Credit Anh Nguyen Credit: Anh Nguyen

One such example, is the image above would fool certain image recognition models into seeing a penguin, a snake, and a school bus. This isn’t always a matter of overfitting but just the way an ML model learns to recognize an object may be completely different from the way we’d describe an object’s characteristics. This unusual feature specificity extends to other things as well. Think about malware, and ML models trained to detect malware. intuitively, you would assume an ML model trained to recognize malware or variations of existing malware would look at certain “magic” bytes, certain system calls being made that normal programs don’t make, or don’t make in the same way, high entropy (encrypted payloads), and other aspects sort of all combine to score whether it would rate as suspicious or not.

However, I’ve heard from those doing research in this space that the ML models tune on things that are innocuous like timestamp (given most malware in the catalog was created/built after a certain date, anything before that date would not meet the criteria for the malware it trained on), and weight it heavily. So as a malware developer, you can simply change to time stamp to be from the 90’s or early 00s or something, and suddenly the model weights it so heavily that it no longer finds what a DFIR might see as obvious malware, suspicious at all.

All this to say the concept of overfitting as well as parameter tuning/choice is not just a data science issue. It’s also a vector for adversarial attacks. Figure out what those parameters in the model are important and then use them to either avoid matching the model (in the case of malware evasion) or getting a false match/classification. It’s important to note you can figure out how a model works and which parameters are important, simply by interacting with it. Many models have APIs and little stopping you from querying it enough times to figure out how it works.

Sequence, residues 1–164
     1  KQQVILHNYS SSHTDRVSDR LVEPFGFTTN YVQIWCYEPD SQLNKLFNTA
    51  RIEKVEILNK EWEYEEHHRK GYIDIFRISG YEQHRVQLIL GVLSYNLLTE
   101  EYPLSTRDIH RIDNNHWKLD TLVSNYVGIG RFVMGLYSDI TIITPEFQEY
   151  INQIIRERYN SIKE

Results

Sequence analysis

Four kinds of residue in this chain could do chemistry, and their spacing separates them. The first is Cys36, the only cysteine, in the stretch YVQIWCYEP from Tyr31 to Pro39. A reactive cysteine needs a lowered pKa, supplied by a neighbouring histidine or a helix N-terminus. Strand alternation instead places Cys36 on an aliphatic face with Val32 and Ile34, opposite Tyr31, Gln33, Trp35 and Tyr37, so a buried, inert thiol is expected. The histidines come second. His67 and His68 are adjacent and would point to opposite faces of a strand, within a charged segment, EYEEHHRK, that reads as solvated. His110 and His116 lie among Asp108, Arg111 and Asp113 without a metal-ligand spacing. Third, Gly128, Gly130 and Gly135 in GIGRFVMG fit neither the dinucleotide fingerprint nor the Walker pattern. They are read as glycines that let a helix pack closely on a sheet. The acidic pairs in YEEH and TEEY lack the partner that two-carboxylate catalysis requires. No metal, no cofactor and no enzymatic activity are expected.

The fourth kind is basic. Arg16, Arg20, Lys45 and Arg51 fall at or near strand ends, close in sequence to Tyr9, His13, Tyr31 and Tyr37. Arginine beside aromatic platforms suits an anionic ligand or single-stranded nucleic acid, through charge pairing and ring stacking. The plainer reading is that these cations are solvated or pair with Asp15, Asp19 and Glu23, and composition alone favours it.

If you want more practical examples of how these kinds of attacks work, or want to try them for yourself, a friend of mine, Jan Nunez is releasing something soon which you can keep an eye on which should debut at CackalackyCon in May. The target audience is students (high school/college) so don’t feel daunted by it. You don’t need even a graduate-level class to do this.

NYU Machine Learning

Speaking of graduate-level classes on Machine Learning, I’ve been taking a course on machine learning at NYU as part of a master’s program at NYU’s Tandon School of Engineering. I’m able to do this through a special fellowship program offered to professionals and my work’s education incentives cover the costs. I have started this program in place of certifications (aside from Certified Kubernetes Administrator and Certified Kubernetes Security Specialist). I figure for the same effort I can have a master’s degree in my field in around 3 years. This is my second year and I’ve enjoyed it though being in the field so long a lot of the material is already familiar to me and not very challenging.

This has not been the case for my machine learning course. The course material has been rigorous. It’s been heavy on math, for which I’ve had to educate myself a bit on the various math symbols and LaTeX for keeping math equations in my Obsidian Notes for the course. Thankfully, thanks to my extensive experience at this point in programming. I can parse the various formulas and algorithms fairly well as it’s just programming with a symbolic language (similar to hieroglyphics). Once I kind of understand or can map the symbols to various programming functions, I can follow the thought process.

All that said, it is still a lot to digest. My weeks consist of fairly intense study and note-taking. In the interest of learning a subject by explaining or writing about it, I’ll likely be making more posts about it in the future.